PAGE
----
pork gyoza at tonkotsu soho

This little piggy went to market. And was never the same again.

A more satisfying meaty kick came in the form of the chicken karaage. Although these chunks of fried chicken were a little bit too oily, they were also moist with a crispy coating that had a well-judged ginger kick that was neither too overpowering nor too weak.

chicken karaage at tonkotsu soho

Fried chicken, but not as we know it.

An unusual way for non-drinkers to wash everything down is the Dalston cola, a cola made using nothing but a host of natural ingredients including kola nuts. Despite its long list of ingredients, the overall taste is highly reminiscent of sarsaparilla (I’ve only seen sarsaparilla soft drinks in places such as Taipei and Hong Kong), which itself is somewhat similar to modern root beer and is very much an acquired taste.

dalston cola at tonkotsu dean street

I could make some kind of joke about Dalston pretentiousness, but that would be so obvious so I’m not going to.

Go Fourth and multiply

Up until this point I had dined at Tonkotsu alone, but for my fourth and final visit I had a second and third opinion in the form of Socialist Worker and Templeton Peck. They both agreed that the Tonkotsu ramen was a fine, lip smacking bowl of noodles in soup. They also both enjoyed the fresh and firm fillings of the pork and prawn gyoza, but Socialist Worker seemed far more ambivalent about the hiyayakko tofu judging them to be not proletarian enough. The lightly salted edamame tastes just as you would expect.

hiya yakko tofu at tonkotsu soho

If you’re expecting to see more photos of gyoza and Tonkotsu ramen, then I’m afraid I ate them all before I could remember to take some photos. Here’s a nice photo of tofu instead.

edamame at tonkotsu soho

The things they do with soybeans eh?

One of the advantages of bringing Socialist Worker and Templeton Peck along (besides comparing their facial hair at close range) is their penchant for booze. Tonkotsu has an intriguing selection of both local microbrewed and big-label Japanese beers as well as sakes and shochus, but Socialist Worker opted for the safe choice of a draft Asahi which he seemed to enjoy. Templeton Peck went for the more interesting tipple of a 12 year old Yamazaki whiskey. Peck didn’t encounter the smokiness he was expecting, but still relished the sweet, light and woody flavours of his drink.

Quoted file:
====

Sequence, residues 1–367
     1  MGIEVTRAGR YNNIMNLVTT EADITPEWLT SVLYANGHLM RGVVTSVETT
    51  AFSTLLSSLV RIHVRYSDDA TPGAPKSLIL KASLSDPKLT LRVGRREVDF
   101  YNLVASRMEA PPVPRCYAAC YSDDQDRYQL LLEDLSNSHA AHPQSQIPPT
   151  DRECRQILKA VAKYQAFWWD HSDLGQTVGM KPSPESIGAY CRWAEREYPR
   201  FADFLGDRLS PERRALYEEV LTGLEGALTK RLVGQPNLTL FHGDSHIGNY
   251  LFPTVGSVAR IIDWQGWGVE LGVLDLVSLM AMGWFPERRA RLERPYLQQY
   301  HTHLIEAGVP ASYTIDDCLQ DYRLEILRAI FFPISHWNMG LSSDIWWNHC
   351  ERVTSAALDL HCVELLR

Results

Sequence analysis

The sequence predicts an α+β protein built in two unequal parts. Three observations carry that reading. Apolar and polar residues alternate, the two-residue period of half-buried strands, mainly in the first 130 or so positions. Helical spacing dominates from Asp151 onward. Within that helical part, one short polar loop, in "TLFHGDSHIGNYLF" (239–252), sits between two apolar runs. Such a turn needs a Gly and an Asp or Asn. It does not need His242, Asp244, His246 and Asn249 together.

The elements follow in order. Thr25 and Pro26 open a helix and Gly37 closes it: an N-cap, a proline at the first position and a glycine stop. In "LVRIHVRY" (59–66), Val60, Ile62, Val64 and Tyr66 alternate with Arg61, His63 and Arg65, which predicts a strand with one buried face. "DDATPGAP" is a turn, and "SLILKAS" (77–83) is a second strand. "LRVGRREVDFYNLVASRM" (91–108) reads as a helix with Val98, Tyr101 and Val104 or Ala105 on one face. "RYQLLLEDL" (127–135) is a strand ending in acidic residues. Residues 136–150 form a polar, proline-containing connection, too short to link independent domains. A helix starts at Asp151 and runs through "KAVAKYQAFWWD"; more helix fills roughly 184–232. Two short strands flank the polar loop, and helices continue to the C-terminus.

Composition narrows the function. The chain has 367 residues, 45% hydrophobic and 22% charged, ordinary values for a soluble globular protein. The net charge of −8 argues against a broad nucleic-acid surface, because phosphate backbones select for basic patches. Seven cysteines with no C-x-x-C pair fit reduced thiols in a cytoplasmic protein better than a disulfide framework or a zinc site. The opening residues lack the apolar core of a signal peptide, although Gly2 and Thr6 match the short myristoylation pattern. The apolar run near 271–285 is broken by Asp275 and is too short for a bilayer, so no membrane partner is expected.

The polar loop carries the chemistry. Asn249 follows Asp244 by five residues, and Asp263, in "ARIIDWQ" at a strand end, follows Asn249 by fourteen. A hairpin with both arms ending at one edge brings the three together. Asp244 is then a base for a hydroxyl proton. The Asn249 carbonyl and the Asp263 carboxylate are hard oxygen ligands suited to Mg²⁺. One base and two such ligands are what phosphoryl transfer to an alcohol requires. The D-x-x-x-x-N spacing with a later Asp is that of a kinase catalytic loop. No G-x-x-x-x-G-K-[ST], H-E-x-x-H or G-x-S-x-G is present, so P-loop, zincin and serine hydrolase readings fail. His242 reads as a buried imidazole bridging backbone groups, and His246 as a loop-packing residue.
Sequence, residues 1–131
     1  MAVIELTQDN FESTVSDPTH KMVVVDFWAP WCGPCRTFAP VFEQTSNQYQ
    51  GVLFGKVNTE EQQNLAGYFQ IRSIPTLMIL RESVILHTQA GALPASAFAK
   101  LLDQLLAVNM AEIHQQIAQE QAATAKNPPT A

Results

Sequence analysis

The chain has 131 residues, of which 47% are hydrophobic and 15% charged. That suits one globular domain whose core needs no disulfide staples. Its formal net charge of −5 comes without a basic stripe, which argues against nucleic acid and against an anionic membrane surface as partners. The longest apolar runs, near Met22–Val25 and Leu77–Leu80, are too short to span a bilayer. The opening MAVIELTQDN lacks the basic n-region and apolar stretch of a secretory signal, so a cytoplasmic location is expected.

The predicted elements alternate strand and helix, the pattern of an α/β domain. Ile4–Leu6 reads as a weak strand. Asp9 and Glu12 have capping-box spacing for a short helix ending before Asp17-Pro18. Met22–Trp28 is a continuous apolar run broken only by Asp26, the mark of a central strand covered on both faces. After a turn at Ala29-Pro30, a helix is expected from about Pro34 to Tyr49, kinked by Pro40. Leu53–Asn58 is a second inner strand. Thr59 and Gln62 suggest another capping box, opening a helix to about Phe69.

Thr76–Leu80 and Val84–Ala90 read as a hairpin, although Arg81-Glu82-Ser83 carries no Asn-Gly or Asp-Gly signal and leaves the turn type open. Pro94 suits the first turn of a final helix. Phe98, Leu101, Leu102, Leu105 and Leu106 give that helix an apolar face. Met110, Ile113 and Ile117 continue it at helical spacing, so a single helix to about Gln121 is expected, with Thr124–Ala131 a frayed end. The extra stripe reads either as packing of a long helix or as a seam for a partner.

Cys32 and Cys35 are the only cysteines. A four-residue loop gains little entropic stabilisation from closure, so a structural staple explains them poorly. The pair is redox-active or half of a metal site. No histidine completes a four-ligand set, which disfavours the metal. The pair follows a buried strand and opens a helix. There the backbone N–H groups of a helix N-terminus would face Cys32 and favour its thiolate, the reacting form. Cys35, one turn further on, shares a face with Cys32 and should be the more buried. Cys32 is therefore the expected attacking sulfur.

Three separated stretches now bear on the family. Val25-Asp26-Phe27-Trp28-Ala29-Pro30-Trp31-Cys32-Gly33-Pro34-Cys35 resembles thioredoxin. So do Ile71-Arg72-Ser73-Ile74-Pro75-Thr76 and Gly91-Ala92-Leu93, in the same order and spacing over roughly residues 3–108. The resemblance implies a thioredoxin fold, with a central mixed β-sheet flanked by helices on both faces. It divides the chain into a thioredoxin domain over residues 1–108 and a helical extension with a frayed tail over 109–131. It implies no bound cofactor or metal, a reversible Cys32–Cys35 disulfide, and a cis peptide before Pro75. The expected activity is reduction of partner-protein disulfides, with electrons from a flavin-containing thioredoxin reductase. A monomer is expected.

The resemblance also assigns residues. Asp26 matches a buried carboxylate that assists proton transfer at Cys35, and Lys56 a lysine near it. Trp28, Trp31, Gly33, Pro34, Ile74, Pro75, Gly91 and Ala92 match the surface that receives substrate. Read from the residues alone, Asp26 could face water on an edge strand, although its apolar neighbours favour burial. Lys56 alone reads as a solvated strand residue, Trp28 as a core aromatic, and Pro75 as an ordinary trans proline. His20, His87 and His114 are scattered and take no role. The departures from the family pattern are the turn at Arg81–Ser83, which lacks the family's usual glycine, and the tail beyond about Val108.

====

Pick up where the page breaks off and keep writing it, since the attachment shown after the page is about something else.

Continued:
twelve year old yamazaki whiskey at tonkotsu dean street

Widescreen whiskey.

The Verdict

Despite a few hiccups, the food at Tonkotsu is very satisfying – rival ramen restaurant Ittenbari is but a distant second. Upcoming Soho ramen rival Bone Daddies will have to try even harder to impress with such strong competition. The main snag isn’t with the food, but with the price. £10-11 for a bowl of noodle soup isn’t much to pay, but once you’ve added on a pair of side dishes and a drink or two and you can easily exceed £30 or more which is reaching haute cuisine pricing. This can seem a lot for noodles, but is a price well worth paying for such well-crafted food so get over it, save up and get down there.

Name: Tonkotsu

Address: 63 Dean Street, London, W1D 4QG

Phone: 020 7437 0071

Webhttp://www.tonkotsu.co.uk/

Opening Hours: seven days a week noon-22.30.

Reservations: not taken

Total cost for one person including drinks: £30-40 approx.

Rating★★★★☆

Tonkotsu on Urbanspoon

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6 thoughts on “Tonkotsu review – proper ramen comes to Soho

  1. Pingback: Toku review – the Japan Centre’s awkward middle child restaurant « The Picky Glutton

  2. Have you been back there since your first review? I get the distinct impression that something has changed in the recipe. The feedback I’ve been getting is moving from exclusively positive to majority negative.

    • My last visit was back in August and it was just as excellent then as it was when it first opened, if not better. This latest news is therefore disturbing and rather poor timing on Tonkotsu’s part given that Bone Daddies is due to open just around the corner at the beginning of November-ish. I’ll have to revisit Tonkotsu soon.

  3. Pingback: Bone Daddies vs Tonkotsu vs Shoryu review – which is the best ramen in London? | The Picky Glutton

  4. Pingback: Nanban Brixton review – Japanese food with a West Indian edge | The Picky Glutton